“Your mother is dead. I can no longer depend on her money to give me justice,” came the angry voice through the box.

And her man, she had to remember to call him August, feared that anger. So Ivy knew that she should too.

Dum dee dum, dum.

“I can take money out of the trust for your legal fees, brother.” August’s voice sounded calm, but his posture shouted fear. “Mama’s will said I could.”

“She wasn’t my mother and I read her will just before she died. I get nothing more from her inheritance, nothing, especially legal fees.”

“I am executor of the trust. I decide how to use the money…”

“I don’t need money. I need you to find the evidence and destroy it.”

“Are you certain any evidence still exists? It’s been fifteen years and no law enforcement agency has even whispered they have it.”

“Tammy swore she hid it in the house.”

August gulped without speaking. He looked frightened. Then he said quietly, “Tammy’s been dead five years.”

Ivy had lived with Penelope long enough to learn to read human reactions. August didn’t want to go looking for the “evidence.” And he feared any mention of the person “Tammy.”

The angry voice was silent, waiting for compliance. Ivy had encountered this man when he was a child and lived here with Penelope, her short-term mate, and her son August. She knew the bully child’s tactics that continued into adulthood, and didn’t like them.

“I will do what I can from here,” August said on a sigh. “I can’t leave just yet.”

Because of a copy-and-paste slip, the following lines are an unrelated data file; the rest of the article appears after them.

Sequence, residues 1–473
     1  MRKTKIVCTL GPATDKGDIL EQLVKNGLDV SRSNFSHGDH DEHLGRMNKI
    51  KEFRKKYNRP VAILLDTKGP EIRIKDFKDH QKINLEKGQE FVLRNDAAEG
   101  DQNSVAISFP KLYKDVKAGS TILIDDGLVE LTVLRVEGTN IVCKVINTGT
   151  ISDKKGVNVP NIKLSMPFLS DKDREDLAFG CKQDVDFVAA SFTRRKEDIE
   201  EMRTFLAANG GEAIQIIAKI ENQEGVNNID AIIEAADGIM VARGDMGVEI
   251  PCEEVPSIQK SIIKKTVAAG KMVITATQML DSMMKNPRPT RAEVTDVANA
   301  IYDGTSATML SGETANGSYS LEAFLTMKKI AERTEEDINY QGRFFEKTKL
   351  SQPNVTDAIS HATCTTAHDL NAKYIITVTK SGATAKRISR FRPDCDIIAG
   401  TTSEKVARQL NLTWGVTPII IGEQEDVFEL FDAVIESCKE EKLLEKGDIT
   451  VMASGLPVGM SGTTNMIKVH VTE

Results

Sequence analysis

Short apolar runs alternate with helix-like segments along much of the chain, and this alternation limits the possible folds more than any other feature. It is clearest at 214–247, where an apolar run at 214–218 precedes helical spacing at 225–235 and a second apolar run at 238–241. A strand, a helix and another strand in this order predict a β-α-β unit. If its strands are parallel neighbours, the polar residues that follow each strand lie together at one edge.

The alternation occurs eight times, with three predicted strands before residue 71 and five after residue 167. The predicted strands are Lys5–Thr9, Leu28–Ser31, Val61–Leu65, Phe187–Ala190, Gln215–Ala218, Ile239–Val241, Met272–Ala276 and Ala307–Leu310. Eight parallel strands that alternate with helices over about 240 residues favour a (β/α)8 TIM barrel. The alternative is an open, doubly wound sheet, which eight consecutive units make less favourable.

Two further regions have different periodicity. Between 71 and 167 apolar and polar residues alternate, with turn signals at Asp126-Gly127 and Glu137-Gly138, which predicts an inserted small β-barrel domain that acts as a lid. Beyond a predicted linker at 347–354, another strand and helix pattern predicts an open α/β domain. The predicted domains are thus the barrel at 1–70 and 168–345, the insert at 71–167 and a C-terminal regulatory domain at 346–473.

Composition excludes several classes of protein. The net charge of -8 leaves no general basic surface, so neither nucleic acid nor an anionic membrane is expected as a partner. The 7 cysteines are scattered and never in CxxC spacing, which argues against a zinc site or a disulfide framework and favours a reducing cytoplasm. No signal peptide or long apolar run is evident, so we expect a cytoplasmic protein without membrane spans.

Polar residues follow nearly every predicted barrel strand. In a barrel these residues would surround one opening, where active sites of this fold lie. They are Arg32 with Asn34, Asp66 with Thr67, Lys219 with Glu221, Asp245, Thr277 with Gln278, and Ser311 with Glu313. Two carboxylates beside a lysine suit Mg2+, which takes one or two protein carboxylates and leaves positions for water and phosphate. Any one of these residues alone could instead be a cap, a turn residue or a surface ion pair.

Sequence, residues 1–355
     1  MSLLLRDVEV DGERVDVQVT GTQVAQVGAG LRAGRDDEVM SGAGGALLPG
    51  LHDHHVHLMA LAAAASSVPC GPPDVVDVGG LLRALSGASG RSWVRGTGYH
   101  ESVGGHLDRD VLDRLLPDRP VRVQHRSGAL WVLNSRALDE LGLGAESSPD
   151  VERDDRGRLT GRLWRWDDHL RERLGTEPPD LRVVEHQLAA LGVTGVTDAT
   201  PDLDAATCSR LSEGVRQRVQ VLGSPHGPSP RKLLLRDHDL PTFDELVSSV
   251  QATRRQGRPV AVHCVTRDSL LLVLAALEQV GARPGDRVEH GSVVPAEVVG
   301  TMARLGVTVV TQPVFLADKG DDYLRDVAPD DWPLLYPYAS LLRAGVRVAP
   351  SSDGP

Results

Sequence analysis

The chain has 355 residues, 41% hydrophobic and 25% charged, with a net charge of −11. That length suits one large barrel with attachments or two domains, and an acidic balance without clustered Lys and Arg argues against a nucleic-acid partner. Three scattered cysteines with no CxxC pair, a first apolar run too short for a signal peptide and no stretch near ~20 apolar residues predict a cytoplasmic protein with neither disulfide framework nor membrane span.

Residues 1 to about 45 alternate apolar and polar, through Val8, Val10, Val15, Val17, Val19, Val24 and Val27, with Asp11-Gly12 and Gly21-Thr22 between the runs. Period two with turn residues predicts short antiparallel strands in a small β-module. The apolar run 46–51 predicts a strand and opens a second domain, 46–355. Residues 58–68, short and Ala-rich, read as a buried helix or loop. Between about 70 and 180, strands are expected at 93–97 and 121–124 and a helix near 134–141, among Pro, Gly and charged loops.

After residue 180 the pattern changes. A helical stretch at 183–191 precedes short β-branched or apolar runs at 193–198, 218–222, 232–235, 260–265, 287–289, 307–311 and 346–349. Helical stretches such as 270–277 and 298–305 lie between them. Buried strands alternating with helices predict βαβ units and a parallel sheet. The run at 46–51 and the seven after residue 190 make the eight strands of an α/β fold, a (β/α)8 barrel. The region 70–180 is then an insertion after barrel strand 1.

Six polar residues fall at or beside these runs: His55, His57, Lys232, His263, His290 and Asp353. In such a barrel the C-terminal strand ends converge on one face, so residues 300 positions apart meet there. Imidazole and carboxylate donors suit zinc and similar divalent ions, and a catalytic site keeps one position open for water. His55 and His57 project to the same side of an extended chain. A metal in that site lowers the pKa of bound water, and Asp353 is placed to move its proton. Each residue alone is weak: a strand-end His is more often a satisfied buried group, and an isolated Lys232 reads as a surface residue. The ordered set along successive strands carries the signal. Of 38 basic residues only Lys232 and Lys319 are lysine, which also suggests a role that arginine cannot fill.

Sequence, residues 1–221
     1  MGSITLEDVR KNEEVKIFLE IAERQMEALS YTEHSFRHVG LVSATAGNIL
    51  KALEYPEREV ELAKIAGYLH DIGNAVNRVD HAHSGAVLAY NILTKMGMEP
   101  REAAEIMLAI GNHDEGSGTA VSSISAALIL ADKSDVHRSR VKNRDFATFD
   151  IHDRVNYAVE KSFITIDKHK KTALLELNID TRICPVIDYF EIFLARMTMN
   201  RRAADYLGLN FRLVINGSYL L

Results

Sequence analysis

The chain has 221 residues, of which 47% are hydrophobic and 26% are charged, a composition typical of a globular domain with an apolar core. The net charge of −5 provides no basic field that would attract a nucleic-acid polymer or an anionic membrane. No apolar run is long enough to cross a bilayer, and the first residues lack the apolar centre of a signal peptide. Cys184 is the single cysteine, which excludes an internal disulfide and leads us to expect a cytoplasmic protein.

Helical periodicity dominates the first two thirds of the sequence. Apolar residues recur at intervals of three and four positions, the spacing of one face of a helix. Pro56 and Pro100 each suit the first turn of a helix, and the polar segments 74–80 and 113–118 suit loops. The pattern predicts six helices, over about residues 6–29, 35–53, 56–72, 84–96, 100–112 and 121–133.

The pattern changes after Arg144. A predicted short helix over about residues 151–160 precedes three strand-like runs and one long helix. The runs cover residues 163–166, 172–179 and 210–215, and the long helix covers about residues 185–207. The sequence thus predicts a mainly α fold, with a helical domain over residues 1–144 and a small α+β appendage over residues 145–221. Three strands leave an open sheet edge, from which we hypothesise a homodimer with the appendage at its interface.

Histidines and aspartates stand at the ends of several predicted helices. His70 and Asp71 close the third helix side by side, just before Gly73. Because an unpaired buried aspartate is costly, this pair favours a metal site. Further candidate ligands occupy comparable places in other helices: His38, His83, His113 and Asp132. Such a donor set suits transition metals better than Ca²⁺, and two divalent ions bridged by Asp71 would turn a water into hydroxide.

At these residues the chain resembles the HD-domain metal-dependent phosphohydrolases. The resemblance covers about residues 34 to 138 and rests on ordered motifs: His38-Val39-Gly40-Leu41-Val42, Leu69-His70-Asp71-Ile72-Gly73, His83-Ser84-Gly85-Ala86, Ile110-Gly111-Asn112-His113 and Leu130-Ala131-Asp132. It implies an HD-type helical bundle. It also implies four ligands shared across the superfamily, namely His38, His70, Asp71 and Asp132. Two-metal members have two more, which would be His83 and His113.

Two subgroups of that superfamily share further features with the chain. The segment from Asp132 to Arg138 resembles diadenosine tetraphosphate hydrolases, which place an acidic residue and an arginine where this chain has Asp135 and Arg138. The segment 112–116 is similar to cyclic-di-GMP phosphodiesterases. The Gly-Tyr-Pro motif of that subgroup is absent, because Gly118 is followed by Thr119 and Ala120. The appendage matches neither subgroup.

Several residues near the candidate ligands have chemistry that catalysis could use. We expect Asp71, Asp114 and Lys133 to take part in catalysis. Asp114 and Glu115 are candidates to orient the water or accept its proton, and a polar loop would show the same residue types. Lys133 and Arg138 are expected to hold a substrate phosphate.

“No! You have to go back and get that evidence now. Otherwise I’ll have to….”

“Okay, okay. I’ll do it.” August pocketed the phone and looked to Ivy with bleak eyes. “I have to leave, Ivy. This house is for sale, as soon as the renovations are complete, someone other than my family, your family, will live here. You’ll have to move into the garden.”

“You can’t leave me! I haven’t lived wild in a very long time. Penelope took me in when she and I were both very small children and I lost… I… Pixies aren’t meant to survive winter alone without protection.”

“I’m sorry Ivy. I don’t know what else…”

“Take me with you.”

“I don’t know.” He paused and gulped again. “I don’t have much of a garden at my house. I don’t know where you’d live.”

She flitted around the room in a lopsided circle and returned to perch on his shoulder. “You promised your mother that you would take care of me.”

He dropped his head. “I know. Our winters are milder in Oregon than here in New England. You could probably find a good tree to make your home.”

“Will there be others of my kind?”

She hummed hopefully Dum dee dum, dum.

“I’m sure there will be. My town is full of Pixies. You can find your own tribe and no longer be alone. In fact, I know just the tree for you, a tall and strong walnut. It will welcome you. You will attract an entire tribe of wild Pixies that need a home. You will be their queen.”

“My own tree? A tribe of my own? I like that. When do we leave?”

“My step-brother insists I go immediately.”

“I do not understand. I have had many brothers. I will call the new members of my tribe my brothers. What is a step brother?”

“It is very complicated.”

Buy Dandelion Twist in the Book View Cafe bookstore

Authors

Leave a Comment

Your email address will not be published.